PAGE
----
Solo Parenthood: Why We Find What We Look For

by | Jun 27, 2024 | Society

Solo parenthood is often portrayed as a journey filled with challenges and difficulties. Many of my coaching clients worry that parenting solo will be much harder and less rewarding than parenting with a romantic partner. This belief can become self-fulfilling. Often, our mindset shapes our experiences, and if we expect solo parenthood to be worse, we will inevitably find evidence to support that belief. Conversely, adjusting our perspective can reveal the unique joys that solo parenthood can offer.

The Power of Expectation and Perception

Our brains are wired to seek out information that confirms our pre-existing beliefs. A cognitive bias known as Confirmation Bias. If we view solo parenthood as more challenging or less fulfilling than parenting with a partner, our minds naturally gravitate toward experiences and evidence that validate this belief.

For instance, every sleepless night, missed milestone, or moment of loneliness or overwhelm might be attributed to the lack of a co-parent. These challenges are real.  Our interpretation of them being as a direct result of solo parenting is heavily influenced by our beliefs and expectations.

The Origins of Our Beliefs

Our upbringing, cultural norms, personal experiences, and the media we consume shape our beliefs about the world and our place in it. From a young age, we absorb messages about what constitutes a “normal” or “ideal” family structure, often influenced by societal standards that glorify two-parent households. Recognising the origins of our beliefs is the first step in challenging and reshaping them. By becoming aware of the origins of our beliefs, we can start to question their validity and consider alternative perspectives.

Shifting the Narrative

We have the power to change this narrative. By consciously seeking out and focusing on positive experiences and benefits, solo parents can create a more balanced and fulfilling perception of their journey.

Practicing Positive Reframing

Positive reframing involves shifting the way we perceive and respond to events. Instead of viewing solo parenthood solely through the lens of struggle, we can reframe our experiences to highlight resilience, independence, and unique bonding opportunities with our children.

For example, the absence of a co-parent means we only have to focus on one relationship, not that of a partner. It might mean more one-on-one time with our child, leading to a stronger, more intimate relationship with them. Solo parents might also develop greater independence and problem-solving skills, valuable traits that can be modelled for our children. We can choose how to parent, build deep connections with a wide community of people, and decide exactly how to spend our time. Paying conscious attention to these positive elements of solo parenting can help reframe our experiences.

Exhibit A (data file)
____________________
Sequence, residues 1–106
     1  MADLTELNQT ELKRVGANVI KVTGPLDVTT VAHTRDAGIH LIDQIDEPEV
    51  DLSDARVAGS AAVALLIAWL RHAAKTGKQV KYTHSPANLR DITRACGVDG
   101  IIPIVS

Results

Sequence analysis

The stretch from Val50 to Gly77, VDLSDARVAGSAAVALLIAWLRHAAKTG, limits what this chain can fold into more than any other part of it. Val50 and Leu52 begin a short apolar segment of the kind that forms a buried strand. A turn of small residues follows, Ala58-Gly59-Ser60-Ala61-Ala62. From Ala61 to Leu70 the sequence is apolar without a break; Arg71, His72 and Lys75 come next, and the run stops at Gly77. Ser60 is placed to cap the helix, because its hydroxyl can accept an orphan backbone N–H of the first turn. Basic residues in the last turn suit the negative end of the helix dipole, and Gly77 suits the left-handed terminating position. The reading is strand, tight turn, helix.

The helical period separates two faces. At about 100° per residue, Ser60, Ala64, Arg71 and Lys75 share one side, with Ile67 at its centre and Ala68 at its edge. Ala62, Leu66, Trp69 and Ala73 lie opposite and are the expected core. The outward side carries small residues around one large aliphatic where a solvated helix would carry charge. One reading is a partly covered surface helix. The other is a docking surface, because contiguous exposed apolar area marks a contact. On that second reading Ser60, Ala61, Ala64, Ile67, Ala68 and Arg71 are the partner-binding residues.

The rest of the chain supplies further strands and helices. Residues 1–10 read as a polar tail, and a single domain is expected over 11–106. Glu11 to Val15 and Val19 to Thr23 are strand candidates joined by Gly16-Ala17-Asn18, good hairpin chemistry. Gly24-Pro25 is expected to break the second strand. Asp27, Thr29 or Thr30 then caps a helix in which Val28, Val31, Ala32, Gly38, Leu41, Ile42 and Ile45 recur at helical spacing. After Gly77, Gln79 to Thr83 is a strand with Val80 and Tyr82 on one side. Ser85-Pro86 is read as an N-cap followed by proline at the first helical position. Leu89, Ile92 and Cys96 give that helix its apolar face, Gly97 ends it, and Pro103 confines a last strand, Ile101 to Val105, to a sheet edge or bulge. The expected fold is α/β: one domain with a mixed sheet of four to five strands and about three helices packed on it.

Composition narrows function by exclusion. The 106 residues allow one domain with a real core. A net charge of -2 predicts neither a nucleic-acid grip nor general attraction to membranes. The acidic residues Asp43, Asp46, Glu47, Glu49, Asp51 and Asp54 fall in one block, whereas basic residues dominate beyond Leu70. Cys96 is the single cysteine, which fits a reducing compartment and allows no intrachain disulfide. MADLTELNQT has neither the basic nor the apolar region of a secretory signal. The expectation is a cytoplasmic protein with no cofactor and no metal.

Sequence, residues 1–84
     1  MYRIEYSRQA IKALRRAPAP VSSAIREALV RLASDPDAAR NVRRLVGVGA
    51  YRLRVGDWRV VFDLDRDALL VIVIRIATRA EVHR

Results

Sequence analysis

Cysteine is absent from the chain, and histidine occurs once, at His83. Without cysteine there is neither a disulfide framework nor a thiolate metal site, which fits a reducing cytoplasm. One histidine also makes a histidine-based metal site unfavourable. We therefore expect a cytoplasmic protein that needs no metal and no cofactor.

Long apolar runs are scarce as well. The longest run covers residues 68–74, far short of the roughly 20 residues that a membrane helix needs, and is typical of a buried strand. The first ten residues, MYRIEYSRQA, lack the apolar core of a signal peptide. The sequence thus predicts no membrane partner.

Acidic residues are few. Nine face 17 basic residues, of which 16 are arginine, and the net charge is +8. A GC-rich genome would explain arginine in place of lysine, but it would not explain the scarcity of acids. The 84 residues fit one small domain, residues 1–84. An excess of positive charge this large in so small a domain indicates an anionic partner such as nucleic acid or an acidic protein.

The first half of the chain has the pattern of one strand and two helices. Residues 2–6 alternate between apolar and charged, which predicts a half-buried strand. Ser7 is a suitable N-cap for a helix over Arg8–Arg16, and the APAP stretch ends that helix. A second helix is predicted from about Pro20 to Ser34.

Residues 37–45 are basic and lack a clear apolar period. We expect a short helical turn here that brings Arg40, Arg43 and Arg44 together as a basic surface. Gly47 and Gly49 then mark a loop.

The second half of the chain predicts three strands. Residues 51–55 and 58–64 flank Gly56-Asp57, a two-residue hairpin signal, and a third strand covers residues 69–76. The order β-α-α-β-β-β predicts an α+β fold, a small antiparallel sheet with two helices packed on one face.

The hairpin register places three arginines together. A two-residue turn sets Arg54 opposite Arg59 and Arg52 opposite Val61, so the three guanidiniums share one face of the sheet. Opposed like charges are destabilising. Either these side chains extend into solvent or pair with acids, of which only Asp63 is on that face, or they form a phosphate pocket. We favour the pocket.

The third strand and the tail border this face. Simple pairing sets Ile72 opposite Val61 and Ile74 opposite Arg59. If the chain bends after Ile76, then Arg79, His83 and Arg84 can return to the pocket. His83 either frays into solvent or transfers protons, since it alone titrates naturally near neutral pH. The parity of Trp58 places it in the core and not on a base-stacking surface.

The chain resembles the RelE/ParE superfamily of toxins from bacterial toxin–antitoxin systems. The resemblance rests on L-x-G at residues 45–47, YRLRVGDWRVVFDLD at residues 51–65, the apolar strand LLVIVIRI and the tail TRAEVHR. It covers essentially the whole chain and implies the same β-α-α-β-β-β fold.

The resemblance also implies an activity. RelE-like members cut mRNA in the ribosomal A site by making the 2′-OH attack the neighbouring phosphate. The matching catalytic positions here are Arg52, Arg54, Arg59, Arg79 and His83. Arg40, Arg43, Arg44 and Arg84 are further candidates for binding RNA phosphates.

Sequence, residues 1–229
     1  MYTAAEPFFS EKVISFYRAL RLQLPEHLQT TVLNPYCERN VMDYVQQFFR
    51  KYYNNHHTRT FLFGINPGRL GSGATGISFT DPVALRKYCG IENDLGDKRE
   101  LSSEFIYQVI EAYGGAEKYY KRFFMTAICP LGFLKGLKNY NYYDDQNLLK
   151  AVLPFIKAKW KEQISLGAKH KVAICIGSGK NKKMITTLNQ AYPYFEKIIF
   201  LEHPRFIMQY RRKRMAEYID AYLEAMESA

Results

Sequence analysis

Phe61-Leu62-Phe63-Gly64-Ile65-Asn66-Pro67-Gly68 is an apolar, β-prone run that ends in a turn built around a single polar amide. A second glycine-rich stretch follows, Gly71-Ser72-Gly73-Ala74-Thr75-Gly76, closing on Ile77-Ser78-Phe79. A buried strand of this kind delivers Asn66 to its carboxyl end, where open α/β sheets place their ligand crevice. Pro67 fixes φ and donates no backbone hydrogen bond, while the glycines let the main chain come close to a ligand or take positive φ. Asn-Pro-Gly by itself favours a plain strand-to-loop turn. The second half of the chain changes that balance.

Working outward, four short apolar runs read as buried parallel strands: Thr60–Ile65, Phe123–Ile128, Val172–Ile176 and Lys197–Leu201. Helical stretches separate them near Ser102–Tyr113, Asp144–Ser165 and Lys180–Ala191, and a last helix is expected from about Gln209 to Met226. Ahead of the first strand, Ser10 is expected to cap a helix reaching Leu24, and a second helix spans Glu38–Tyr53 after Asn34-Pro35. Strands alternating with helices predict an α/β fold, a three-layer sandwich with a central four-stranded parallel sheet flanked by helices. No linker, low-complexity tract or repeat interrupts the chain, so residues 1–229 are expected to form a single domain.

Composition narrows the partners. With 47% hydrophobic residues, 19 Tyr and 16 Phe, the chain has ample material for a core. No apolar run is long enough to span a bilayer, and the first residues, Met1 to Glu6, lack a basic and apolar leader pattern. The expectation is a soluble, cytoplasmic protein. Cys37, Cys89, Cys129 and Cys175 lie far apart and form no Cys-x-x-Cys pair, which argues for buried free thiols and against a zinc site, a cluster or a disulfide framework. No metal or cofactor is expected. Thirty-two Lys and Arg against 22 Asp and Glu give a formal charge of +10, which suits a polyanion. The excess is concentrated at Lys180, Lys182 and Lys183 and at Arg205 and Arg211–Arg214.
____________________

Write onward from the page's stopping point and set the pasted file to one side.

Seeking Out Positive Role Models

Another effective strategy is to seek out positive role models and communities of other solo parents who are thriving. Engaging with these communities can provide support, share strategies, and offer a sense of belonging. It helps to see that many solo parents lead happy, balanced lives. It can also be reassuring to see that their children grow up to be well-adjusted and successful.

Emphasising Strengths and Accomplishments

Solo parents can benefit from regularly reflecting on our strengths and accomplishments. Keeping a journal of daily wins, no matter how small, can help shift our focus from what’s lacking to what’s being achieved. Celebrating these victories builds confidence and reinforces a positive self-image. Noticing when your mind wanders to thinking that things would be better in a partnership and reframing these thoughts is the first step.

Conclusion

Solo parenthood is a challenging but rewarding journey. This post is not to take away from the fact that there are elements of solo parenting that can be tough. It’s to highlight that our beliefs and expectations play a significant role in shaping our experiences. By understanding and counteracting cognitive biases like confirmation bias, solo parents can adopt a more positive and empowering narrative.

By practicing positive reframing, seeking out supportive communities, and celebrating our strengths, we can find the joy and fulfilment that comes with raising our children. Ultimately, we find what we look for, and by looking for the positives, we can discover the unique joy of our journey.

Support

If you’d like support to decide whether Solo Parenthood is the right path for you, or to reframe thinking about solo parenthood, I offer 121 and Group Coaching on this topic at The Stork and I.

 

 

 

Photo by Steven Wright on Unsplash

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